PT1911
November 29, 2010, 12:05 PM
A parent or guardian can buy a firearm for their underage child. This seems to be the only question relevant here.
DING DING DING....

Look out, it is really about to start flying now!!!

bsctov
November 29, 2010, 12:10 PM
Sorry, pretty much any purchase in which the original purchaser does not keep the gun can be considered a straw purchase if you try hard enough

No, A straw purchase occurs when someone other than the person filling out ATF form 4473 is the actual purchaser of the firearm, as opposed to the guy who is swearing that it is for him.

For example, If bob smith gave his friend billy 500 dollars to buy him a hunting rifle, that would be a straw purchase.

But if bob smith said "Gee I sure like that rifle right there" and his friend billy buys it for him with his OWN MONEY, there is no straw purchase.

Is it a straw purchase if a friend and i admire the same gun and I happen to buy it, but when I dont like the way it shoots I sell it to him?

In my opinion, no, because the only thing that matters is that you are buying it for yourself with your own money while you are buying it from the FFL. If you choose to sell it afterwards, that has no bearing aslong as its a lawful transaction.

If he gives me money to buy the gun it is illegal, but if he gives me money for the gun after I buy it is legal?

In my opinion, no, because the only thing that matters is that you are buying it for yourself with your own money while you are buying it from the FFL. If you choose to sell it afterwards, that has no bearing aslong as its a lawful transaction.


I am not a lawyer, consult a lawyer for legal advice.

A parent or guardian can buy a firearm for their underage child. This seems to be the only question relevant here.

This is true, aslong as you buy the firearm with your own money..ignore at your own peril.

yeti
November 29, 2010, 12:17 PM
Technicalities are bureaucracy's bread and butter.

PT1911
November 29, 2010, 12:28 PM
bsctov, look back at your post and notice the "in my opinion"'s... that is my point. I see it exactly as you do but someone will always argue another point of view on it. In the OP's case, i would say it falls into the gift category as there is no legal reason he cannot have the gun, but the gov decided he needs to wait another year to buy it. IMO, his parents gift to him can be and should be the act of buying the gun for him.

For the most part i understand what constitutes a straw purchase, my point is that a lot of the interpretations that you will find are ridiculous. Many people will have you believe that if anyone buys a gun knowing that they themselves will never shoot it it is a straw sale...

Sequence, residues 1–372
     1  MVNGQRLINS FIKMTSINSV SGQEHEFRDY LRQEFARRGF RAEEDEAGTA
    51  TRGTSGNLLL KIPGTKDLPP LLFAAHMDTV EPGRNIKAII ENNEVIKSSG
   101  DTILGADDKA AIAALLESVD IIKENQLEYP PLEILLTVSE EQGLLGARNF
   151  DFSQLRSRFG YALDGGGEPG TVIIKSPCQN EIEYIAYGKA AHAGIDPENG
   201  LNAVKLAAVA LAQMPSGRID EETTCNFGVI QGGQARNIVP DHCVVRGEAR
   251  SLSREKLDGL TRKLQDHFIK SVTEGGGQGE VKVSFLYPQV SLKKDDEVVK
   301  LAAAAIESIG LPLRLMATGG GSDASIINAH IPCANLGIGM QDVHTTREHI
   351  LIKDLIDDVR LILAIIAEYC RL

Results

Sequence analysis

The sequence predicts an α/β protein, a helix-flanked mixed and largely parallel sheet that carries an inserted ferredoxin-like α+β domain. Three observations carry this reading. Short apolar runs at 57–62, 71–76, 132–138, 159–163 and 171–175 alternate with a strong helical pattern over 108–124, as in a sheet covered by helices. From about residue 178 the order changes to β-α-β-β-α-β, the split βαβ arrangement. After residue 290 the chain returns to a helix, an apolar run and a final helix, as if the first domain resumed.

What if they are buying it as a gift? Acceptable as long as the person receiving this gift can legally own the gun.
What if the gun isnt the gift (say the child has saved their money and the parents cannot afford it anyhow) but instead the purchase is the gift as he/she isnt old enough (case in point, this thread.)
What if i see a gun that I dont want (say a CMP special grade Garand for 500 OTD) but know it is a stellar deal and i can make money on it to person x who can legally purchase a weapon?

The point is, it is a mirky subject and a lot of purchases can be considered straw sales if you really try.

The point of straw sales being illegal is to prevent those who cannot legally own a gun (felons, crazies, ect...) from sidestepping the backround check....with that being understood, why does it really matter if someone ,who could legally own a gun without consequence, obtains a new gun without a backround check? Technically nothing as they could buy the same gun used from an individual without said backround check, but somehow it becomes a big deal in cases such as this.

What is even more irritating is how someone can come from outside the state and purchase a long gun without an issue but that same person cannot purchase a handgun without proof of at least 90(?) days residency...

Oh the fun of these ridiculous regulations.

NavyLCDR
November 29, 2010, 12:39 PM
In the OP's case, i would say it falls into the gift category as there is no legal reason he cannot have the gun, but the gov decided he needs to wait another year to buy it. IMO, his parents gift to him can be and should be the act of buying the gun for him.

A gift is something that the recipient does not pay or otherwise compensate for. In the OP's scenario, the child paid for the gun via the parent. It's not a gift. It's a straw purchase.

There are no exceptions to Federal laws for parent-child relationships with the exception of a person under 18 years old being able to temporarily possess a handgun with written parental permission in 18 USC 922 (x).

PT1911
November 29, 2010, 01:02 PM
A gift is something that the recipient does not pay or otherwise compensate for. In our case, the child paid for the gun via the parent. It's not a gift. It's a straw purchase.

I know, I know... I am just cracking the knuckles and getting creative...IMO, which doesnt matter much here, a parent purchasing a gun for their child, no matter who earned and saved the money, constitutes a gift. A gift does not have to be of material value in order to be appreciated as in this case as well as many others. Now if he bribed them to buy the gun for him, then I would have a problem with it... :neener:

As we all know, several of the ATF regulations are BS... The straw sales regulations serve a good purpose and are necessary, BUT cases like this show that someone needs to rethink the specifics.